Pubdate: Wed, 18 Jan 2012
Source: Toronto Sun (CN ON)
Copyright: 2012 Canoe Limited Partnership
Author: Sam Pazzano


TORONTO - A part-time pot dealer testified
Tuesday he feared for his life as members of an
elite group of Toronto drug squad officers
=93pulverized=94 him in an unprovoked beating.

I was absolutely terrified. I thought I was going
to die,=94 recalled Christopher Quigley, 46, at the
trial of five former members of Central Field Command.

I still have scar on my forehead from this beating.=94

John Schertzer, 54, Steve Correia, 44, Ned
Maodus, 48, Joseph Miched, 53, and Raymond
Pollard, 47, collectively face 29 charges =AD laid
in January 2004 =AD including obstructing justice,
perjury, assault and extortion related to their
work between 1997 and 2002. Each has pleaded not
guilty to all the charges which are linked to drug investigations.

Quigley, the first alleged victim to testify,
alleged Maodus and a partner beat him until he
was =93covered from head to toe in blood and
semi-conscious=94 in an interrogation room at 53 Division.

They kept saying: `Where is the money and where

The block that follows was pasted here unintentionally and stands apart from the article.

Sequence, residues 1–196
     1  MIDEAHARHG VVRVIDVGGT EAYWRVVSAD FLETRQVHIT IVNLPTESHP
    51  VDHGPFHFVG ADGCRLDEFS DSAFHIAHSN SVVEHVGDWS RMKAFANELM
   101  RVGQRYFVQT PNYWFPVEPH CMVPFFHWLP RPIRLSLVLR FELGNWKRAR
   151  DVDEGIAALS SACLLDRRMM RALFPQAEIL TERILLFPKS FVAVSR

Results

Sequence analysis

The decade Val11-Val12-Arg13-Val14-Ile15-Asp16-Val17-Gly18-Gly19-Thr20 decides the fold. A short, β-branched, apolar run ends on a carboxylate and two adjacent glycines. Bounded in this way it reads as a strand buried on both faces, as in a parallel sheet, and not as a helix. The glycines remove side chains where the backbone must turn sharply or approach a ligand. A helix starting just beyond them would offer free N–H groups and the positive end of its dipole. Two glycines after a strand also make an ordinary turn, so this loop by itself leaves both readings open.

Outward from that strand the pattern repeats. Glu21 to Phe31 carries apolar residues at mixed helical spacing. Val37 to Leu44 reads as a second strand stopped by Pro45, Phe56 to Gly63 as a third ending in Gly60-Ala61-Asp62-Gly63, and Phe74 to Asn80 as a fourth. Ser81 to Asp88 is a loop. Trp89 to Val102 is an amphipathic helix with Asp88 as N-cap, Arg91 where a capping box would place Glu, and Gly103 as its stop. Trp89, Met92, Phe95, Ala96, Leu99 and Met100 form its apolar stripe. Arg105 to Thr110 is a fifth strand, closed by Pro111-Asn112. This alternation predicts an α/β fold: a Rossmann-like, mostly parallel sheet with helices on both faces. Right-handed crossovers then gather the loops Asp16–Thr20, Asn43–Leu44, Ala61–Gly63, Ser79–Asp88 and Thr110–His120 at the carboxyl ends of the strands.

are the drugs?' I was told: `You better give up
this information.' I didn=92t do anything at all to
these officers before the beating,=94 said Quigley,
who sold marijuana but also had other legitimate sources of income.

He was surprised when Schertzer =AD whom the others
called =93the boss=94 =AD struck him during the ordeal
in which he was choked and stabbed with a sharp,
undisclosed object, possibly a pen, court heard.

Correia warned him that the ill treatment would
=93go on all night=94 unless he surrendered the information, said the

Quigley testified that Correia threw paper towels
on the floor, ordering him to =93Go f---ing clean yourself up!=94

Correia =93had to hold me up,=94 leading him to the
bathroom and before returning him to the
interrogation room, Quigley told the jury.

Once uniformed officers saw his distressed state,
he testified, emergency vehicles and paramedics
arrived to whisk him to Sunnybrook Hospital for emergency care.

Quigley said that even though he divulged the
whereabouts of his drugs and cash, he found his
Eglinton Ave. W. apartment in a complete shambles
and that his $8,000 sapphire and $400 designer cowboy boots were missing.

It looked like a bomb hit it. It was absolutely
ransacked, things were overturned,=94 the jewelry broker told the jury.

The trial continues.
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